February 7, 2009
When someone is dying a natural death, there is a breathing pattern that usually happens. It goes something like this: a deep breath or 2, then holding it, followed by a shallow breath or 2, and so on. It is an uneven pattern of inhales and exhales. It can be scary if you don’t know it is coming.
Another thing that happens is as the person gets closer to death, the time between inhales widens. When breaths are towards 20-30 seconds apart, death may be happening very soon. I say “may” because there is always someone who may have this breathing pattern and live much longer. Overall, breaths will be getting more shallow and the time between inhales will space out.
There are exceptions to everything, but generally this is what you will see. Of course right now I want to tell you all the ways it could be different and how many ways breathing can look even with the above very general guidelines. The best thing to do is when you are going through this time, ask you hospice doctor or nurse about it and ask them to show you what you will be seeing. I do this with the people I care for. I show them the different ways it can look and when it happens, they aren’t as startled.
The pattern is called ‘cheyne-stokes’ respirations.
” … Cheyne-Stokes respirations refer to a rhythmic change in respirations wherein breathing becomes shallower and shallower variably with a slowing in respiratory rate that culminates usually in complete cessation of breathing for several seconds to more than a minute. This is followed by progressively stronger respirations that become exaggerated and quite deep. This pattern is thought to result from abnormal brainstem responses to CO2 levels in the blood - initially undercompensating and then overcompensating. Cheyne-Stokes respirations can occur in other nonterminal disorders such as heart failure and stroke. It is interesting to note that patients who are able to speak generally say that no distress is associated with this breathing pattern. From this we may extrapolate to dying patients, who usually cannot speak with Cheyne-Stokes respirations, and presume that the syndrome is not disturbing to the patient. However, family members and clinicians may assume or project distress into this syndrome and thus often need to be coached. I usually explain that the pattern results from a breakdown in “cycling” between the lungs and the brain and that, as far as we know, it is not bothersome to the patient … “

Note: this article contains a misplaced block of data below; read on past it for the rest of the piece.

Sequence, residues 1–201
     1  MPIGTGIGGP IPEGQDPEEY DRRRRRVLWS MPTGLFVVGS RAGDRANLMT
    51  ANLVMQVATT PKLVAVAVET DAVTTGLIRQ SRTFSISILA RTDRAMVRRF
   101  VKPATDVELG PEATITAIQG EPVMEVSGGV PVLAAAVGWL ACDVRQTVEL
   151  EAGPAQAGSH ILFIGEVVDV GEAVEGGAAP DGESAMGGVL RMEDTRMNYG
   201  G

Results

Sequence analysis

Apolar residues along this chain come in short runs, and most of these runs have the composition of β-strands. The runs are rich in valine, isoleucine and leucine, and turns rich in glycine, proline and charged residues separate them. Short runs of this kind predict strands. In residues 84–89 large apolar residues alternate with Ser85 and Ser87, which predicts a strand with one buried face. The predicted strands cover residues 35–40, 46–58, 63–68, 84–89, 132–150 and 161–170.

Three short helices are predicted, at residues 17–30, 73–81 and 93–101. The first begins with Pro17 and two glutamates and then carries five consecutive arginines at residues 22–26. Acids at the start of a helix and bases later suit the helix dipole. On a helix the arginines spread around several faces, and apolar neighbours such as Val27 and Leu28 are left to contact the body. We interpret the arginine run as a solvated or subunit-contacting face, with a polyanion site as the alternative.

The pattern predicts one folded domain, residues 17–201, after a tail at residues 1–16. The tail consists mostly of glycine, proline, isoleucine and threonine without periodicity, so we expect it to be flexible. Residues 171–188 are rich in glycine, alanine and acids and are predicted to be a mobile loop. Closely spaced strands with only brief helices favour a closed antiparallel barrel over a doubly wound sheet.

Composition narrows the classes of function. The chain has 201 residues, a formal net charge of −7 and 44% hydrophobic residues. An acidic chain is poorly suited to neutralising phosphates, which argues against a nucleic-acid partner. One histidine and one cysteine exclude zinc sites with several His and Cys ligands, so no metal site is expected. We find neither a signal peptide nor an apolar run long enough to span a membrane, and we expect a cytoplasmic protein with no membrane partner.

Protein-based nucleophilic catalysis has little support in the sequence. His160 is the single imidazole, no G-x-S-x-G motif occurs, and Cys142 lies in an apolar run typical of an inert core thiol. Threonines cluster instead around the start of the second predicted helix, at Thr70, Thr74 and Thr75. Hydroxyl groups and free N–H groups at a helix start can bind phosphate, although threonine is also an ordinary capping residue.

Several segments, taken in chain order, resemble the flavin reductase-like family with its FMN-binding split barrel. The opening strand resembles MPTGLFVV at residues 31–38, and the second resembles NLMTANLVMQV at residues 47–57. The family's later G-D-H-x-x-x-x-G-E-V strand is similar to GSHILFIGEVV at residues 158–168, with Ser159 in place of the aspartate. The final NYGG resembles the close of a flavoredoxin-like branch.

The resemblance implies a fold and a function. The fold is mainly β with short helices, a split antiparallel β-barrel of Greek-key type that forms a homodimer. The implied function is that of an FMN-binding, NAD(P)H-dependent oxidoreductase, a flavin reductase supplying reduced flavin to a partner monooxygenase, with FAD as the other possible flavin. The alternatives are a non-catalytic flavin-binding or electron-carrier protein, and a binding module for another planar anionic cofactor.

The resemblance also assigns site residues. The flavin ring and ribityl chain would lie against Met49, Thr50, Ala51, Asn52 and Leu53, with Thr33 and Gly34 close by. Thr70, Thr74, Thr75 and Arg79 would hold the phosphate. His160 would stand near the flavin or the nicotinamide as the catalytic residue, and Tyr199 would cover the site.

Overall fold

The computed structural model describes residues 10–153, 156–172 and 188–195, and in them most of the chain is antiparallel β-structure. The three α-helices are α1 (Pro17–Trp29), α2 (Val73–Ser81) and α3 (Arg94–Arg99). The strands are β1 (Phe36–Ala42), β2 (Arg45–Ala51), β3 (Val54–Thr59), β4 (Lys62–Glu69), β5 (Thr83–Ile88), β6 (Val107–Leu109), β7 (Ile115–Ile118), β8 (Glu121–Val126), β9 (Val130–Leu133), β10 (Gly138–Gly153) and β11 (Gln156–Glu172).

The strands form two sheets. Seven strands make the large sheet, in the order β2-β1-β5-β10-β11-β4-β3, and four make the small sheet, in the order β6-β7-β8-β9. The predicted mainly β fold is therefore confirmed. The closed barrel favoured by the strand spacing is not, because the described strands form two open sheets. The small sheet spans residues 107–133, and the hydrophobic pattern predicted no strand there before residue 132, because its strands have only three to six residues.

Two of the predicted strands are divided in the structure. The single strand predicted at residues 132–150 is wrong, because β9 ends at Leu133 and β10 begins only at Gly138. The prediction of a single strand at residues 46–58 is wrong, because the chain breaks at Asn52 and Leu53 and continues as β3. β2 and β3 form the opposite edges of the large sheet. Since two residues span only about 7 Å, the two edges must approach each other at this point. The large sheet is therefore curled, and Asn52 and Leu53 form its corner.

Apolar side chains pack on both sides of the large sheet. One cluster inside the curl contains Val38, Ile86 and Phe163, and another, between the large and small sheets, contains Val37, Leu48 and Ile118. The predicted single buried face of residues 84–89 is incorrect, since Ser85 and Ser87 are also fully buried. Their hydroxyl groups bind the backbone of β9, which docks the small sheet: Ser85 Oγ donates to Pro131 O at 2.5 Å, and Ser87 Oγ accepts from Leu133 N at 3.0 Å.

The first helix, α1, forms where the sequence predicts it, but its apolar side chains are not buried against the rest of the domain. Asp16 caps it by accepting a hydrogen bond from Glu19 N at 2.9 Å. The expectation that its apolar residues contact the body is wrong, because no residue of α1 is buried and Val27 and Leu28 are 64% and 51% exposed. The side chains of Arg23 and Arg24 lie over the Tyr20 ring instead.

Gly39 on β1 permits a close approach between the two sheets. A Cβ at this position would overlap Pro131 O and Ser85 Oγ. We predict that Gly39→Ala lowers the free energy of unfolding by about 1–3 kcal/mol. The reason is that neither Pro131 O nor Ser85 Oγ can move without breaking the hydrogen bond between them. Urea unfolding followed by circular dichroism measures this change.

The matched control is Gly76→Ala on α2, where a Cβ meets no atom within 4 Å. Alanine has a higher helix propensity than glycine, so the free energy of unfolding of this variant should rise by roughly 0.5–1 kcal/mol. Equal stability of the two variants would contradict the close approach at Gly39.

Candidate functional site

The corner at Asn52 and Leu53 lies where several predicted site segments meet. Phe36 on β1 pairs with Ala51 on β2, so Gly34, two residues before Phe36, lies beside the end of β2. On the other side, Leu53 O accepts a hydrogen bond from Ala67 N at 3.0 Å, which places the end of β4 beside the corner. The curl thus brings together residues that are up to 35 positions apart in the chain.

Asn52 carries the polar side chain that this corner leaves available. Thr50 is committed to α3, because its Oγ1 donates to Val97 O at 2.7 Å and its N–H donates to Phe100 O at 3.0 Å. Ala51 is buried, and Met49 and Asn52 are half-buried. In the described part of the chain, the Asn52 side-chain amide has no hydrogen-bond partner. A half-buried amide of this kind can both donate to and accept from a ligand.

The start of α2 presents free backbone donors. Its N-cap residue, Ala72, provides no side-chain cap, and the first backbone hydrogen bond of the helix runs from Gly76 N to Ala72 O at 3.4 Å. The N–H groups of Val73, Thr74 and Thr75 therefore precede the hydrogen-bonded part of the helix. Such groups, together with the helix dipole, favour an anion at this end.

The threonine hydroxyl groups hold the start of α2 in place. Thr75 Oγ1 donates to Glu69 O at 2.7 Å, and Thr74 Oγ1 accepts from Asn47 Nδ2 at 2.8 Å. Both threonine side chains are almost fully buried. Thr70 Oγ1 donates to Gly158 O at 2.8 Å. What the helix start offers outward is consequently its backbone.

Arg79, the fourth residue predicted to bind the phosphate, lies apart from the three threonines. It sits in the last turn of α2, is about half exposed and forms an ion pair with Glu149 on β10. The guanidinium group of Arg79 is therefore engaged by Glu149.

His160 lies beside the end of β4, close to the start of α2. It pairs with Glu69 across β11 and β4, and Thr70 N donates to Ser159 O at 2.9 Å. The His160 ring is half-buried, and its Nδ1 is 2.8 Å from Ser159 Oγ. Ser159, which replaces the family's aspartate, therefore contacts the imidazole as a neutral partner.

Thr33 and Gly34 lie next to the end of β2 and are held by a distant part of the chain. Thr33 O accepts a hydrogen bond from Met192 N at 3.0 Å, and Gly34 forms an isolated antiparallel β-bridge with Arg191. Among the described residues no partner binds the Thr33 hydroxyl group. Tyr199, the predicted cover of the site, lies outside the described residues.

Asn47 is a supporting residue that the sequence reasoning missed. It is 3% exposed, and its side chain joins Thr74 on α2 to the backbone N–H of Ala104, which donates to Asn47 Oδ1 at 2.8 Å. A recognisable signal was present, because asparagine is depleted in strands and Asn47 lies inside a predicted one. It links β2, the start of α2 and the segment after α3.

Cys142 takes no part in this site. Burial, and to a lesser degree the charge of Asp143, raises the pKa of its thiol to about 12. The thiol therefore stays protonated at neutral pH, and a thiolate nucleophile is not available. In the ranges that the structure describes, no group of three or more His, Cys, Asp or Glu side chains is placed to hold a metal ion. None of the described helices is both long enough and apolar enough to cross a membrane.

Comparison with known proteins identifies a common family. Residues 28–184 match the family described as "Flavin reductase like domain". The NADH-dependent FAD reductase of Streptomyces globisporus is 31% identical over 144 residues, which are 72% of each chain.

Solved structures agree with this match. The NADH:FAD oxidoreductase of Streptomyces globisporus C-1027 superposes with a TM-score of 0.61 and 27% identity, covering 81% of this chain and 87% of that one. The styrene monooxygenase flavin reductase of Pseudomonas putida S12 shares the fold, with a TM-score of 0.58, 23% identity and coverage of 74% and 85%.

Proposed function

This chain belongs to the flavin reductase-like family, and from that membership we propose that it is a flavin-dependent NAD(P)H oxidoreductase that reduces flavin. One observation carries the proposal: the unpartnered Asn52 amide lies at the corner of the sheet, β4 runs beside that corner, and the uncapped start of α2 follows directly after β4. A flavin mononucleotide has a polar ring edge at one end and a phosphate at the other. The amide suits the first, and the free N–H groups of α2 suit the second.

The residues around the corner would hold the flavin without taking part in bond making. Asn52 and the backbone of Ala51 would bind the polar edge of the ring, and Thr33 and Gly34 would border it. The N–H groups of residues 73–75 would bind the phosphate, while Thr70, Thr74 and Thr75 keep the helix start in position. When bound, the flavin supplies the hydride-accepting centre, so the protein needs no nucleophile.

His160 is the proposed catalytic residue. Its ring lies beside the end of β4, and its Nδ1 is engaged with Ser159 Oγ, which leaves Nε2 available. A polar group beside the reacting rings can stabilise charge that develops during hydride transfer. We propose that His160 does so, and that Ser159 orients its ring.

Palliative Care Perspectives, James L. Hallenbeck, MD